How does a writer respond at times of political chaos? What use are words before a lynching, before a criminal justice system that does not investigate murder filmed on camera, before a court that dismisses habeas corpus, the core legal demand on which Fundamental Rights are constructed? What relief will a book bring to those held in detention camps trying to prove their citizenship, or those put under the jackboot of the paramilitaries for asking their rights?
When the laws themselves seem powerless, what use is writing at all?
At times I almost believe this, almost. The rock I hold on to is the truth, and that is a slippery rock indeed.
The job of a writer – whether of fiction or non-fiction – is the search for truths. This may sound odd, especially when it comes to fiction which, by definition, is not factual. But we have all watched a movie, or read a novel, and come away with an insight, that makes sense of the world, of our experience, that is “true”. Years ago, while reading one of the lightest of authors, PG Wodehouse, I was struck by one sentence in his novel, Uneasy Money, “Don't you see that that’s the terrible thing about life, that nobody can do more than tell anybody anything? Life’s nothing but words, words, words; and how are we to know when words are true?”
The novel is about nothing important, but this sentence, this idea, is terribly important. Life is nothing but words, some that we trust, and some we don’t. And as George Orwell wrote, dishonest politics is often accompanied by dishonest prose, and that tyrannical regimes change the very meaning of words to imply the opposite of what they mean, so that a phrase – like in his Animal Farm – can go from “Four legs good, two legs bad” to “Four legs good, two legs better”.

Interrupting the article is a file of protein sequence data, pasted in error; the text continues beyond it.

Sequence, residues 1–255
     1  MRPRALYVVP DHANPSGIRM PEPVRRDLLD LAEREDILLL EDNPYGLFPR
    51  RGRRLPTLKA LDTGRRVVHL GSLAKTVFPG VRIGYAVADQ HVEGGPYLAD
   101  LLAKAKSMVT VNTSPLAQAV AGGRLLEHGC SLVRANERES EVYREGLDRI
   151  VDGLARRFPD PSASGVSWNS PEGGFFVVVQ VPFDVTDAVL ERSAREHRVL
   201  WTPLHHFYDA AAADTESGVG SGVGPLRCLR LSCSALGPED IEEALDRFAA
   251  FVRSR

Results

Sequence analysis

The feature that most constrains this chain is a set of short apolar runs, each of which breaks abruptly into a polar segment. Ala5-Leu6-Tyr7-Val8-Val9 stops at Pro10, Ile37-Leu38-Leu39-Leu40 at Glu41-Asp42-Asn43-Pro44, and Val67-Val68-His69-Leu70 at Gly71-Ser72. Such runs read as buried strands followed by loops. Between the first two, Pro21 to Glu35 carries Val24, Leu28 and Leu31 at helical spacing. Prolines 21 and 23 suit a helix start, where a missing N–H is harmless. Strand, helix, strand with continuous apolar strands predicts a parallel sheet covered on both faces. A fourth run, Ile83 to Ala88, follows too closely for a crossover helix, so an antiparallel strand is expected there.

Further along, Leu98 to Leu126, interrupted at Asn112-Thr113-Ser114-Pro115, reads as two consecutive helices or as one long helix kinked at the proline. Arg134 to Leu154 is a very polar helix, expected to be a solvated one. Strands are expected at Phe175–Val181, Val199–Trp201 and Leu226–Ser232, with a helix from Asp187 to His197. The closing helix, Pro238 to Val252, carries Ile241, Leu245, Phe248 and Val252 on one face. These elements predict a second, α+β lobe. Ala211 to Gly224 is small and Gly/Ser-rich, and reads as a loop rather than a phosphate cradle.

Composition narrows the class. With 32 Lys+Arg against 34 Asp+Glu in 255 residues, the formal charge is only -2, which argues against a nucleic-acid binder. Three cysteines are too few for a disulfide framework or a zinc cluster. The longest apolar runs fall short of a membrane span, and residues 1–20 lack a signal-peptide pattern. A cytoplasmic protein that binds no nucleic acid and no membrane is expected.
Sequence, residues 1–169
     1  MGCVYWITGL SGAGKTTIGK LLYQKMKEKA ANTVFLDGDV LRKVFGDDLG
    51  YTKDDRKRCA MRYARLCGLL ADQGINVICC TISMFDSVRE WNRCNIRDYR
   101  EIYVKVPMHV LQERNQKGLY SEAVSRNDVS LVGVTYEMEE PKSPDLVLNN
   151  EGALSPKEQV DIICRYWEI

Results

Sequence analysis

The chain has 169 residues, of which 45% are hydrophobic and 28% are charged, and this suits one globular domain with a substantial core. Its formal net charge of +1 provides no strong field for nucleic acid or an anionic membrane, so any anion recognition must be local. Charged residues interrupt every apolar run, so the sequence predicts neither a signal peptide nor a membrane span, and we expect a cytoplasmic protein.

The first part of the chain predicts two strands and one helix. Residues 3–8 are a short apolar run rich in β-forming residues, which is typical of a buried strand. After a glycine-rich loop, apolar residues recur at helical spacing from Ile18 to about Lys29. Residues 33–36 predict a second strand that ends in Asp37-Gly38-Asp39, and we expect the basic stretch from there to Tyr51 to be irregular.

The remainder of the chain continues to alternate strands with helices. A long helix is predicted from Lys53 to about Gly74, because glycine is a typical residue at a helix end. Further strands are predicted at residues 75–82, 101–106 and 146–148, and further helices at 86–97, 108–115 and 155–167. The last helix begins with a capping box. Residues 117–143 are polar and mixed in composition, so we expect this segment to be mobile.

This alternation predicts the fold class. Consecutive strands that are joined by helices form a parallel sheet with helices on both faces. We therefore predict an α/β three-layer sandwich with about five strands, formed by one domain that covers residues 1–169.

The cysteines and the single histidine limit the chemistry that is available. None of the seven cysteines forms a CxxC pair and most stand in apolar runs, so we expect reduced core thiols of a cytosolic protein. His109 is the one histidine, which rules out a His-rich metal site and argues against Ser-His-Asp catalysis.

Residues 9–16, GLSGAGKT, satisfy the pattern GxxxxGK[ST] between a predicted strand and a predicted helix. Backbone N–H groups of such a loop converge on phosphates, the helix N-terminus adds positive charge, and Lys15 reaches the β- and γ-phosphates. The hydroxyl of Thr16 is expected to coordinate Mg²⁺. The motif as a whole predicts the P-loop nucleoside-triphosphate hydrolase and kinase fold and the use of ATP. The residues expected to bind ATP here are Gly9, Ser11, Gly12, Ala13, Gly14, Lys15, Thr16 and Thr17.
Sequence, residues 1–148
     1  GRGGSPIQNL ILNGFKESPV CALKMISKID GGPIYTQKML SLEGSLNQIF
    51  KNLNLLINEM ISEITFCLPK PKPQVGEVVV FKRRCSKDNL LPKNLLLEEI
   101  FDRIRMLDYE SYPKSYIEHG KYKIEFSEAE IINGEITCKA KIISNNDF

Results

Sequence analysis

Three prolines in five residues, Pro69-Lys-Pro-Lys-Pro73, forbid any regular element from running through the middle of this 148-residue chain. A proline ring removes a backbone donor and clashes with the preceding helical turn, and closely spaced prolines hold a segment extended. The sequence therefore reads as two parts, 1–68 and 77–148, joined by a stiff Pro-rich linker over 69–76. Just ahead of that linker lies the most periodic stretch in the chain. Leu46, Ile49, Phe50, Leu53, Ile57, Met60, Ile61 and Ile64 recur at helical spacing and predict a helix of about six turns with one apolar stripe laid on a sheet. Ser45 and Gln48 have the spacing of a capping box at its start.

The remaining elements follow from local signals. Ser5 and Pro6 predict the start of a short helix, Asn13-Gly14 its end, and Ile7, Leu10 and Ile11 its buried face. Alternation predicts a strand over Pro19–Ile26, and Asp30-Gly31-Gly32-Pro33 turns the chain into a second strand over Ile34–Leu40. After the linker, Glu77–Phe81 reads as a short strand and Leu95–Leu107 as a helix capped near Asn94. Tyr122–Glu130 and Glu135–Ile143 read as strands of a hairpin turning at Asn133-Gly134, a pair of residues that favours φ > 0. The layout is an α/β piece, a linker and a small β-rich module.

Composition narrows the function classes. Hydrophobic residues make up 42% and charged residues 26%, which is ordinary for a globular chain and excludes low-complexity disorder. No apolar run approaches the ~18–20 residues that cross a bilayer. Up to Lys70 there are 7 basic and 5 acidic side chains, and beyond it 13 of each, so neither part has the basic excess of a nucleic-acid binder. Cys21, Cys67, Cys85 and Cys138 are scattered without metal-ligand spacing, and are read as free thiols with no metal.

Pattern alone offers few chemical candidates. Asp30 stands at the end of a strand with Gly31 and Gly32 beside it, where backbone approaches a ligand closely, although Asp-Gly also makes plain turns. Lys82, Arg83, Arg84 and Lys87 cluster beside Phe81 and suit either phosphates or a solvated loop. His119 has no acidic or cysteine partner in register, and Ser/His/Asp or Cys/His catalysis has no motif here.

The role of a writer is to bridge distances, to convey the truth of one person to another. We will never be able to truly understand another person, to live their lives, no matter how close we are to them. The story of humanity is of not understanding each other, of misunderstandings, and the effort to bridge them. Language, and the stories we tell, are how we do this. Hate and anger fester when we do not understand other people, when we are afraid of them, when the reasons for their actions seem inexplicable and therefore “dangerous”. When we cannot listen, we ascribe the worst motives to those on the opposite side; when they cannot understand us, they ascribe the worst of motives to us.
When we can neither speak nor listen, the only tool left for negotiation is violence.
Writers have no armies. Our words will not free innocents who are imprisoned, or bring the guilty to book. We cannot overthrow regimes, or stop the tanks. All we can do is to observe and understand, and tell the truths that we understand, so that we can talk to each other.
The enemies arraigned against us are large and many: the dishonest, the corrupt, the powerful. It is not in their interest that we understand each other. They would rather have us screaming at each other than talking. When we are angry, when we are incensed, we are easy to control; we give up our independence for the comfort of having the many, or the heavily armed, on our side. For the seller of guns, for the trader in bullets, a conversation is dangerous to his bank account. For a human, for us, for you and me, that gun and that bullet, is death.
Omair Ahmed is an author who lives in Delhi. His novel Jimmy the Terrorist was shortlisted for the 2009 Man Asian Literary Prize. Views are personal.